Ugo Ruggeri, who discusses the issue in a monographic article[6], questions Zeri's assumption, arguing that the Andria polyptych's cusp should be identified as another version of the same subject, Christ the Man of Sorrows, which he published and which also appears to bear a greater morphological similarity to the altarpiece's surviving panels, for instance in the silhouette of the upper part. Thus according to Ruggeri, our painting is the cusp of a polyptych by Bartolomeo which we are no longer able to identify today but which must have been painted in the same period, i.e. c. 1485. The most recent discussions involving the panel are those of Giorgio Fossaluzza[7] – who revealed a previously unpublished Christ the Man of Sorrows by Bartolomeo which he suggests is the cusp of another lost polyptych, also from Calabria – and of Andrea Fiore[8], who essentially agree with Zeri and thus consider that our panel once formed part of the Andria polyptych.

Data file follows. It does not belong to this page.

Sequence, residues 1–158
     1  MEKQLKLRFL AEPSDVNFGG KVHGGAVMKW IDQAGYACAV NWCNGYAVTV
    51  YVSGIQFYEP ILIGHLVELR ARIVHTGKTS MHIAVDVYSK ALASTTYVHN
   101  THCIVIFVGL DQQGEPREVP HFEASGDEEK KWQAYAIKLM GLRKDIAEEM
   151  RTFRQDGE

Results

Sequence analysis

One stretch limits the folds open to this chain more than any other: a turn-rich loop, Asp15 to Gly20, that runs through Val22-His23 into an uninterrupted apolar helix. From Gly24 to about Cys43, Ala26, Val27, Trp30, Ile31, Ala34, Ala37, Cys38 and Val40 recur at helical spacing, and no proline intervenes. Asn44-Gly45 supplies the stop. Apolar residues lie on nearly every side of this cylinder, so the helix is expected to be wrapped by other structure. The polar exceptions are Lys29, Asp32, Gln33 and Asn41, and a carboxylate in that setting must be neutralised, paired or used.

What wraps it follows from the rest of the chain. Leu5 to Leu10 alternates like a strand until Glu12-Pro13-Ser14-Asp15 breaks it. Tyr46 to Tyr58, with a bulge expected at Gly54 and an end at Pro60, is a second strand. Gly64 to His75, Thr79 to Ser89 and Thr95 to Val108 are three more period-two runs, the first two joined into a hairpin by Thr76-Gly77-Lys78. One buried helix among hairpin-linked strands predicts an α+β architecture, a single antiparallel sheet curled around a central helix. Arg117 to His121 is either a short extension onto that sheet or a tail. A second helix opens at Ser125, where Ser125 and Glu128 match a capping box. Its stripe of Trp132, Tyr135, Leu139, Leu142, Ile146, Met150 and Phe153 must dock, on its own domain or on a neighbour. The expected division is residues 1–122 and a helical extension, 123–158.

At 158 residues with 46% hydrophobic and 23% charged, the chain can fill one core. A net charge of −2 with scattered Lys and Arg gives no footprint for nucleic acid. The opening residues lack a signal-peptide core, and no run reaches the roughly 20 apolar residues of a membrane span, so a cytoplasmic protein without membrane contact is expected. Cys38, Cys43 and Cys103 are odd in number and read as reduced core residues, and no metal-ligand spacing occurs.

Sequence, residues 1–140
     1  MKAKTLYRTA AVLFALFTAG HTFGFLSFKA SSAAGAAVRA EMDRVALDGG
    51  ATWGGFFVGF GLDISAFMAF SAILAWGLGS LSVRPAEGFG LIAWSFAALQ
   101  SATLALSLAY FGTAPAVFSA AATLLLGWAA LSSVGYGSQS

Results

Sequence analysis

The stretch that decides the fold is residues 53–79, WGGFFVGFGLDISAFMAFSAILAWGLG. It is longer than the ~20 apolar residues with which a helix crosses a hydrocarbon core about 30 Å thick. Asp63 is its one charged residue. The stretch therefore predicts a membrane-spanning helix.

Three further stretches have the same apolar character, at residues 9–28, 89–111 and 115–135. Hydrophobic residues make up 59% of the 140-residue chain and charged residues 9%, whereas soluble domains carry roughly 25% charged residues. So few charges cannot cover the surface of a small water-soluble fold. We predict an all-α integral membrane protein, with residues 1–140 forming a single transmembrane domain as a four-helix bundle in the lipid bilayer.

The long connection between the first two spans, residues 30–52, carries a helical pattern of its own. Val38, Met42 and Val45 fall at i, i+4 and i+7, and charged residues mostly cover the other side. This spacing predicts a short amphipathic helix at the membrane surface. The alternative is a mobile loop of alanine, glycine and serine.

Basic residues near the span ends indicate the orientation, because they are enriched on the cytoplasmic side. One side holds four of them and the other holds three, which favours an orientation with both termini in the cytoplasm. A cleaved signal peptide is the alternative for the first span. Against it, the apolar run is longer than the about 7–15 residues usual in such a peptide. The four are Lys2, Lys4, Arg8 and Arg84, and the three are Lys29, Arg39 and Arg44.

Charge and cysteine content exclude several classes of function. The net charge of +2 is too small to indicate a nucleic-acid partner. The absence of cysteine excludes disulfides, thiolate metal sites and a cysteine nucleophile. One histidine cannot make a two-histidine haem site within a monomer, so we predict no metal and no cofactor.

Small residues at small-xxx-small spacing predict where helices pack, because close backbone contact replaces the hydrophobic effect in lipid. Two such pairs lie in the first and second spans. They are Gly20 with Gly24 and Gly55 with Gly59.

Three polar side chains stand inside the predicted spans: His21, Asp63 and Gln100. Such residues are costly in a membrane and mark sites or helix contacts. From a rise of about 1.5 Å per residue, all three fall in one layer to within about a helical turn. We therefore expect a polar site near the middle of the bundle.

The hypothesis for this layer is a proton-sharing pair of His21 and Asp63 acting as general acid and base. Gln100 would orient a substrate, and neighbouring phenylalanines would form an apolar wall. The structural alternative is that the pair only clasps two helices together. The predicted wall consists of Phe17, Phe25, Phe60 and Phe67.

While by no means wishing to offer the definitive solution to such a long-debated problem, we can nevertheless put forward certain hypotheses prompted by a comparison of the painting with works which Bartolomeo Vivarini produced in the 1480s, a decade marked (initially, at least) by a conscious return on the painter's part to forms of the past. Aware that he could never compete with the easy luminosity that imbued the work Giovanni Bellini was producing at the time, Bartolomeo locked into a "stony obsession", as Mauro Lucco so effectively puts it, whose fundamental stylistic feature was a "sculptural ferocity" harking back to Donatello, to Mantegna's time in Padua and to the Ferrarese school[9]. This approach can be seen in such panels as his St. Roch in the church of Sant’Eufemia on the Giudecca[10], his Calabrian polypytychs – in addition to the Morano Calabro polyptych, there exists another polyptych which he painted for the church of San Giorgio in Zumpano[11] – and the Frari altarpiece dated 1482. The Andria polyptych, painted the following year, appears in the surviving panels in the Pinacoteca in Bari and in the Christ the Man of Sorrows published by Ruggeri to reflect the formal approach of this phase in full. Yet soon after, in fact as early as the polyptych for the church of Sant'Andrea ad Arbe[12] dated 1485 and now in the Museum of Fine Arts in Boston, we see a relaxation of the expressive, linear vigour that had been such a feature of his work in the years immediately prior to that date. It is almost as though Bartolomeo were seeking to draw closer to the art of Antonello da Messina, albeit at second hand through the work of his nephew Alvise. This gradual change of mood is already apparent in the Melzi d'Eril Polyptych dated 1486[13] – despatched to the church of San Giuliano in Albino, near Bergamo, whence it entered the collection of Francesco Melzi d’Eril and is now in the Pinacoteca Ambrosiana in Milan – and is even more marked in the Scanzo Polyptych which Bartolomeo painted for the parish church of that village in the Val Seriana in 1488 (and which is now in the Accademia Carrara in Bergamo)[14]